November might mean Thanksgiving and black Friday to the uninitiated, but writers know it is National Novel Writing Month. Between 12:01 AM on November 1 and 11:59 PM on November 30, thousands of authors all over the world commit themselves to writing a 50,000 word novel.
2011 marked my first year as a NaNoWriMo participant. At 9:00 AM on November 30, I confirmed my word count at 50,200. I won!
So, what did I learn from my successful participation in NaNoWriMo? Actually, quite a lot.
1. Free-writing is fun.
In order to pound out 50,000 words in a single month, you have to put a choke collar on your inner editor and just allow the words to flow however they like. The results might cause your high school English teacher to faint in horror, but I guarantee you will have more fun--and more ideas for your fiction--than you've had in ages.
2. Procrastination = Pain
You can complete a 50,000-word novel at the relatively sedate pace of 1667 words per day. Or, you can do what I did, blow off a bunch of days, and then spend the day before zero hour writing 9000 words in an effort to catch up. Ow.
3. Write now, research later.
Most of my novel takes place around the Tower of London. I visited there once, but it was a long time ago, and my memory was spotty at best. So, I just made everything up as I went along. Sure, I'll do my research and verify facts if I ever decide to polish my NaNo novel into something publishable, but for the rough draft, my imagination worked just fine.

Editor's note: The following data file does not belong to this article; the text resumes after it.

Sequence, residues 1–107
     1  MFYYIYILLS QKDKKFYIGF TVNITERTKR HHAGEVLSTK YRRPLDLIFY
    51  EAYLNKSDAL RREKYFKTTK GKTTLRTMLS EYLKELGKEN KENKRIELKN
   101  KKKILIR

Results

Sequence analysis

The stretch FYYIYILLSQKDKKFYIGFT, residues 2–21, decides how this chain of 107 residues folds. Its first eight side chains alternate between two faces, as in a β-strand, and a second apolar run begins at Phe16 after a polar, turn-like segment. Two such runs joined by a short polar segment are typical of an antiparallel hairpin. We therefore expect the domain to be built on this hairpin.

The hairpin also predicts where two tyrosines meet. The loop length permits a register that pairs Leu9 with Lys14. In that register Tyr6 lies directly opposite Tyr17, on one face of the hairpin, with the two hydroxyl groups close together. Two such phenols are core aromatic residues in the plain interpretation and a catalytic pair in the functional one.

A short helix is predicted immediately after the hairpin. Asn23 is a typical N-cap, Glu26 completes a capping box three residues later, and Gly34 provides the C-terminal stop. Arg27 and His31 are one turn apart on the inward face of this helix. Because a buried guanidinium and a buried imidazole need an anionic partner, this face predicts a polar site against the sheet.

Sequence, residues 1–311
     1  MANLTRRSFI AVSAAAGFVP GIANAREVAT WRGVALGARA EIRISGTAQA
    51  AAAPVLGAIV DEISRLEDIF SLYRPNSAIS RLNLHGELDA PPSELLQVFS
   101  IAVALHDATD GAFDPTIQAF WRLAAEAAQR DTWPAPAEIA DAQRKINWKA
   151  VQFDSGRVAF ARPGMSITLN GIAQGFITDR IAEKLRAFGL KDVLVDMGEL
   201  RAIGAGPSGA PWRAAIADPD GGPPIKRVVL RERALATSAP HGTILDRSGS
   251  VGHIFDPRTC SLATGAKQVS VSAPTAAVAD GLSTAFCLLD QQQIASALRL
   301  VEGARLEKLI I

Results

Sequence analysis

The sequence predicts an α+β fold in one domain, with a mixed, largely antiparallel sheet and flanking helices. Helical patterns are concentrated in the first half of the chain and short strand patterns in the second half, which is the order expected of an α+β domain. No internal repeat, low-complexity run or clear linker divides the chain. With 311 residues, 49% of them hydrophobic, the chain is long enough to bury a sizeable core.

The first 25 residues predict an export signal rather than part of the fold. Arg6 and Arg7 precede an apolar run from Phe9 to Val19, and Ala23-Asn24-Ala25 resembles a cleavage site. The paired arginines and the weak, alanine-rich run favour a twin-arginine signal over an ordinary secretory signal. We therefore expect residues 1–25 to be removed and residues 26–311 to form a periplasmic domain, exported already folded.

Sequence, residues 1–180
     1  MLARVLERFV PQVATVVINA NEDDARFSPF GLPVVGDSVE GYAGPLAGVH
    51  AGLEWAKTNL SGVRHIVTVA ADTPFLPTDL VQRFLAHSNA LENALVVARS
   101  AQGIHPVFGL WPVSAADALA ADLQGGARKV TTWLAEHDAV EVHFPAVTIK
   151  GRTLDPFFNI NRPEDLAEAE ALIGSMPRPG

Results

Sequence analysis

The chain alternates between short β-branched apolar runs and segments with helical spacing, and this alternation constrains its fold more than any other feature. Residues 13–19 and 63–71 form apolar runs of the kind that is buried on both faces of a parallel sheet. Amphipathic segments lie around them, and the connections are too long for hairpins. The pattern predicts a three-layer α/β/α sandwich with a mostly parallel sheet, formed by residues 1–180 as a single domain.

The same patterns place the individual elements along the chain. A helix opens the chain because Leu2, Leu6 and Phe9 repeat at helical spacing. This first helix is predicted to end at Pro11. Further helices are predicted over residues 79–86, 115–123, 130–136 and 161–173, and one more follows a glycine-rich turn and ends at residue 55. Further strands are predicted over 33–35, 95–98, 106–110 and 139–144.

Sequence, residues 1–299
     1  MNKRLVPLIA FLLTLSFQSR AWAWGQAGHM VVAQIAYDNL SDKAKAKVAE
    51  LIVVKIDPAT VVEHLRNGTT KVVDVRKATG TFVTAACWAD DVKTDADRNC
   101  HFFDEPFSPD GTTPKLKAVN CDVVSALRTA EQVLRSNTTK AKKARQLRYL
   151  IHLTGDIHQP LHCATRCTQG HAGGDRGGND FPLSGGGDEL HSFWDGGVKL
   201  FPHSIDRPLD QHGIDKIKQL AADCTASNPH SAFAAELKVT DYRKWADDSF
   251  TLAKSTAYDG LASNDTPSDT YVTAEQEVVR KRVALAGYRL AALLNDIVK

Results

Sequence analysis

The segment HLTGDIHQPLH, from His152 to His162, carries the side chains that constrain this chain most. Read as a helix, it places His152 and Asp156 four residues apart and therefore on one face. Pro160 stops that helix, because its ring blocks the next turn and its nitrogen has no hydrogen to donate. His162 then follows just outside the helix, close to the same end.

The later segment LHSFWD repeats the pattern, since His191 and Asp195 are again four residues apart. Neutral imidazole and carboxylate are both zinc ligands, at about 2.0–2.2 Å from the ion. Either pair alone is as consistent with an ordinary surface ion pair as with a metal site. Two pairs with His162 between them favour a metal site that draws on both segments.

4. Bribe yourself shamelessly.
In order to meet my word counts, I dangled carrots like naps, holiday earrings, trips to the movie theater, and new books in front of my nose. Sure, hitting the final word mark was a huge reward in itself, but a little positive reinforcement along the way never hurt anything either.
5. Rough drafts are supposed to be...well, rough.
About halfway through my novel, I decided I didn't like my main character's last name so I changed it midstream. I also changed a supporting character's profession at least three times, and I'm still not sure whether my protagonist's eyes are blue or green. Like the historical details about the Tower, these are all things I can work out during the editing process. The important thing is that I have a strong, viable plot to work with, and that, I've got.
6. Let your characters surprise you.
A character that I initially imagined as something of a scoundrel turned out to have a heart of gold, and a character who started out weak and spineless became the story's unlikely hero. Because I allowed myself time and space to meander, my novel took many twists and turns that I had not anticipated during the initial plotting period. That's a good thing, because the original plot kinda sucked eggs.
7. A deadline is a deadline.
There were days when I wanted to give up on my novel. It wasn't a paying gig, after all, and nobody but me really cared whether I wrote those 50,000 words. Somewhere along the way, though, I decided that I was going to treat the NaNoWriMo deadline with as much respect as I treat deadlines set by my clients. That may seem a little strange, but it was actually very validating to give priority to one of my pet projects.
So, NaNoWriMo is officially over. I'm recovering from my sleep deprivation, and my wrists have almost stopped aching. I have just one more question: When can I start planning for next year?